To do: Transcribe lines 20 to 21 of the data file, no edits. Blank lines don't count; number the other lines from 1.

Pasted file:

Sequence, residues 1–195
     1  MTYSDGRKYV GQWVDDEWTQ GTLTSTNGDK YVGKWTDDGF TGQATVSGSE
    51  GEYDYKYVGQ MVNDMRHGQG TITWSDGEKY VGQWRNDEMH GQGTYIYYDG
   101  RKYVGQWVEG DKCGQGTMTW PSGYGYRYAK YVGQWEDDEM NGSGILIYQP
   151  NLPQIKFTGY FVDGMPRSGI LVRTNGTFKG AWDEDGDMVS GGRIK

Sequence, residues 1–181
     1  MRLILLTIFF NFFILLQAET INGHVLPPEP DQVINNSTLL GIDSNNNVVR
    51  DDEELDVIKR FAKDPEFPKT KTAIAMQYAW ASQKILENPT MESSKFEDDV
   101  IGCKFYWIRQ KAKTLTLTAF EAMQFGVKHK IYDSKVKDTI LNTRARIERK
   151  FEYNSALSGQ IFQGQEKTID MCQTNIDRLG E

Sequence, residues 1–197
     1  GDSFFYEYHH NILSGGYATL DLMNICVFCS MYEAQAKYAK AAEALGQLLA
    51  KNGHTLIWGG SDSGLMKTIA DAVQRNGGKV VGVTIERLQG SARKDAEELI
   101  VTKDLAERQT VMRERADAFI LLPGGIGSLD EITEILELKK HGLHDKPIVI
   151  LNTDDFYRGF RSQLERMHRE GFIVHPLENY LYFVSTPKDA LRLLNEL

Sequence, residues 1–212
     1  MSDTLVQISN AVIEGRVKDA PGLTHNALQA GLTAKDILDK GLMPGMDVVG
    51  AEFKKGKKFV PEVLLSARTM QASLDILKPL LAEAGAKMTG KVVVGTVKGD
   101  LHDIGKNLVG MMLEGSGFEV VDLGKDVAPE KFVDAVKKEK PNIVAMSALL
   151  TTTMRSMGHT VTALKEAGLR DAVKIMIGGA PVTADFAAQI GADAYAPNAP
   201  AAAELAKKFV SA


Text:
   151  TTTMRSMGHT VTALKEAGLR DAVKIMIGGA PVTADFAAQI GADAYAPNAP
   201  AAAELAKKFV SA